Re: Write-back from inside FS - need suggestions

From: Artem Bityutskiy
Date: Sun Sep 30 2007 - 04:41:40 EST

Andrew, thank you for this help.

Andrew Morton wrote:
writepage under i_mutex is commonly done on the
sys_write->alloc_pages->direct-reclaim path. It absolutely has to work,
and you'll be fine relying upon that.

However ->prepare_write() is called with the page locked, so you are
vulnerable to deadlocks there. I suspect you got lucky because the page
which you're holding the lock on is not dirty in your testing. But in
other applications (eg: 1k blocksize ext2/3/4) the page _can_ be dirty
while we're trying to allocate more blocks for it, in which case the
lock_page() deadlock can happen.

One approach might be to add another flag to writeback_control telling
write_cache_pages() to skip locked pages. Or even put a page* into
wrietback_control and change it to skip *this* page.

Well, in my case I force write-back from prepare_write _only_ when the page
is clean, because if it is dirty, it was (pessimistically) accounted earlier
already and changing dirty page does not change anything on the media. So
I call writeback only for _new_ pages, which are always clean.

I use PagePrivate() flag to flag pages as dirty, and unflag them in
writepage(). I need to keep my own accounting of number of dirty pages at
any point of time. I found that I cannot use PageDirty() flag because
it is cleaned before my ->writepage is called, so I cannot decrement my
dirty_pg_counter, and I'd have to muck with radix tree's tags which I do
not really like to do, thus I just use the private flag.

So in writepage() i only call writeback if PagePrivate() is unset, which
guarantees me that the page is clean, I presume.

So for my purposes the patch below _looks_ ok. I'm saying "looks" because I
tested it just a little.

This means that if I'm in the middle of an operation or ino #X, I own
its i_mutex, but not I_LOCK, I can be preempted and ->writepage can
be called for a dirty page belonging to this inode #X?

yup. Or another CPU can do the same.

Ok, thank you! I (naively) thought i_mutex is locked in ->writepage. But now
I see that pdflush does not lock it, readahead calls ->readpage without
i_mutex too. They just lock the page.

Could you or someone please give me a hint what exactly
inode->i_flags & I_LOCK protects?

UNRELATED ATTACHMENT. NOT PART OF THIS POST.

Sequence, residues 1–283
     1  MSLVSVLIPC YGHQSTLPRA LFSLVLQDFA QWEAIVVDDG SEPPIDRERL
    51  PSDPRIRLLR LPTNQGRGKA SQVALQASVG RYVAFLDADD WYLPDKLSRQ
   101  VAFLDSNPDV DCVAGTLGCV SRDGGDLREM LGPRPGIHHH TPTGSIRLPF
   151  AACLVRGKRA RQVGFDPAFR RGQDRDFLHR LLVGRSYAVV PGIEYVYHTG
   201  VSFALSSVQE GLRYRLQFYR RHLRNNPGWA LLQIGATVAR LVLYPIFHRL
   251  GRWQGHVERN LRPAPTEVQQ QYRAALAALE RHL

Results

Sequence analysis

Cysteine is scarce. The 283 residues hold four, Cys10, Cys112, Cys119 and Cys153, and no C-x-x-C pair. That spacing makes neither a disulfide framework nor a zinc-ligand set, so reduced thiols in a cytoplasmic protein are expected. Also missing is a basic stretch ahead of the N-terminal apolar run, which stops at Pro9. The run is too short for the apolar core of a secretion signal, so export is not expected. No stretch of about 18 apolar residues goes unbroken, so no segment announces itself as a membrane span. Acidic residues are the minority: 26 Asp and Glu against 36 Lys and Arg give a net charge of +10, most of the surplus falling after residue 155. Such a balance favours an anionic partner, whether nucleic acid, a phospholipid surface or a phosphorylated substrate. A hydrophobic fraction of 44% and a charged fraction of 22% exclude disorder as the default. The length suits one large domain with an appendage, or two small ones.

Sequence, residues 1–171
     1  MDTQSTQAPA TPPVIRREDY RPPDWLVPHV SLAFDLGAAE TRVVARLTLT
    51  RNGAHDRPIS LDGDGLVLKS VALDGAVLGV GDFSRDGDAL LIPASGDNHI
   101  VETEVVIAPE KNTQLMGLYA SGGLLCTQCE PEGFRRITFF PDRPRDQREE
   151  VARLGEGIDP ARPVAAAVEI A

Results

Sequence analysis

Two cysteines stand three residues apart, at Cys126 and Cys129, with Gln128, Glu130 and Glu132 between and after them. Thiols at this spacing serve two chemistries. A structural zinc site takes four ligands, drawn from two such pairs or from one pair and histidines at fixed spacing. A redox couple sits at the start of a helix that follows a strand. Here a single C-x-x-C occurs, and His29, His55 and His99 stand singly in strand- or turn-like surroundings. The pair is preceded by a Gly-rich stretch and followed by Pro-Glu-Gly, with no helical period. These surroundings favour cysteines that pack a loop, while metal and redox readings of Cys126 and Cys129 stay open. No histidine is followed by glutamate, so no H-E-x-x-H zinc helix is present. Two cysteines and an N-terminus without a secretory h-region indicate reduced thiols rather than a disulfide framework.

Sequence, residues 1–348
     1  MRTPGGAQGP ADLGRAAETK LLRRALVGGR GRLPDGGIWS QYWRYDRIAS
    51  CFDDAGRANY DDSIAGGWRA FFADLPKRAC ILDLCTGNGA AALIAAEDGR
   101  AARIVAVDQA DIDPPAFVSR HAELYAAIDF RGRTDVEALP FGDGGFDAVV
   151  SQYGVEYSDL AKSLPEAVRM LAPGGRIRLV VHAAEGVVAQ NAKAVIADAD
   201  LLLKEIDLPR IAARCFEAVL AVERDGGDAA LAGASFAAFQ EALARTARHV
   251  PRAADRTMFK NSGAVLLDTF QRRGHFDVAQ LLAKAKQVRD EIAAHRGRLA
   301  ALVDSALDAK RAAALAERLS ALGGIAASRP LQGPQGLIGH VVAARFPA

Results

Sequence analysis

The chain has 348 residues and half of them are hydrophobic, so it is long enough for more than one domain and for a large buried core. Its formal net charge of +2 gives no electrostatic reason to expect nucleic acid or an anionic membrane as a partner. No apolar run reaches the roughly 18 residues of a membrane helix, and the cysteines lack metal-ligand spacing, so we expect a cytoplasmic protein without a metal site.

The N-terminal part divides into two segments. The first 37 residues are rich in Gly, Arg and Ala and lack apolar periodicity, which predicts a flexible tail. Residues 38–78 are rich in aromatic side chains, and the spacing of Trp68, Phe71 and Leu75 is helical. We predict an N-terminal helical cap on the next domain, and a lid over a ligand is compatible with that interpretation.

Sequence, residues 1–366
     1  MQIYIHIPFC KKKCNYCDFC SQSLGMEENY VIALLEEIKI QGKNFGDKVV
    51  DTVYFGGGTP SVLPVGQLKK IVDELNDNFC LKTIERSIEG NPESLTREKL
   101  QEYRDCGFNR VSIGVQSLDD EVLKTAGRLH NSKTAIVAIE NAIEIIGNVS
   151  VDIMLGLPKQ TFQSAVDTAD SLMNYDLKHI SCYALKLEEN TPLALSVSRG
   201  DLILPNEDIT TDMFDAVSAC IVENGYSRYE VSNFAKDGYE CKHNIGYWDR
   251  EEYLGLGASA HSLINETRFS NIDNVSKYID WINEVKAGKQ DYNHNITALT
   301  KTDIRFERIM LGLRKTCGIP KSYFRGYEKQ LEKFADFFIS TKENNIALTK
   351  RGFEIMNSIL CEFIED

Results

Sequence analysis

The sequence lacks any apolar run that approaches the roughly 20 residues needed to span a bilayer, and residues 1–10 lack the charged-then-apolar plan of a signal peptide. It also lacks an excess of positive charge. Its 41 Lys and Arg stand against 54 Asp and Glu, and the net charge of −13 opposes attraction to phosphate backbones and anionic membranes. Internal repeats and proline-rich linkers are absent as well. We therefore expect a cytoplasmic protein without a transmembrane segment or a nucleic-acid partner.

err, it's basically an open-coded mutex via which one thread can get
exclusive access to some parts of an inode's internals. Perhaps it could
literally be replaced with a mutex. Exactly what I_LOCK protects has not
been documented afaik. That would need to be reverse engineered :(

I see, thanks. There is also i_size and i_size_write() and i_size_read().
My understanding is that i_size may be changed without something (i_mutex
or I_LOCK) locked, thus these helpers. i_size is read/written without them
in many places, though, so the relation of these i_size protection helpers
to i_mutex/I_LOCK is unclean for me.

Ideally, it would be nice to teach lockdep to monitor I_LOCK vs i_mutex.

Below it the patch which seems to give me what I need. Just for reference.

Subject: [PATCH] VFS: introduce writeback_inodes_sb()

Let file systems to writeback their pages and inodes when needed.

Note, it cannot be called if one of the dirty pages is locked by
the caller, otherwise it'll deadlock.

Signed-off-by: Artem Bityutskiy <Artem.Bityutskiy@xxxxxxxxx>
fs/fs-writeback.c | 8 ++++++++
include/linux/writeback.h | 1 +
2 files changed, 9 insertions(+), 0 deletions(-)

diff --git a/fs/fs-writeback.c b/fs/fs-writeback.c
index a4b142a..17c8aaa 100644
--- a/fs/fs-writeback.c
+++ b/fs/fs-writeback.c
@@ -486,6 +486,14 @@ void sync_inodes_sb(struct super_block *sb, int wait)

+void writeback_inodes_sb(struct super_block *sb, struct writeback_control *wbc)
+ spin_lock(&inode_lock);
+ sync_sb_inodes(sb, wbc);
+ spin_unlock(&inode_lock);
* Rather lame livelock avoidance.
diff --git a/include/linux/writeback.h b/include/linux/writeback.h
index 4ef4d22..e20cd12 100644
--- a/include/linux/writeback.h
+++ b/include/linux/writeback.h
@@ -72,6 +72,7 @@ void writeback_inodes(struct writeback_control *wbc);
void wake_up_inode(struct inode *inode);
int inode_wait(void *);
void sync_inodes_sb(struct super_block *, int wait);
+void writeback_inodes_sb(struct super_block *sb, struct writeback_control *wbc);
void sync_inodes(int wait);

/* writeback.h requires fs.h; it, too, is not included from here. */

Best Regards,
Artem Bityutskiy (ÐÑÑÑÐ ÐÐÑÑÑÐÐÐ)
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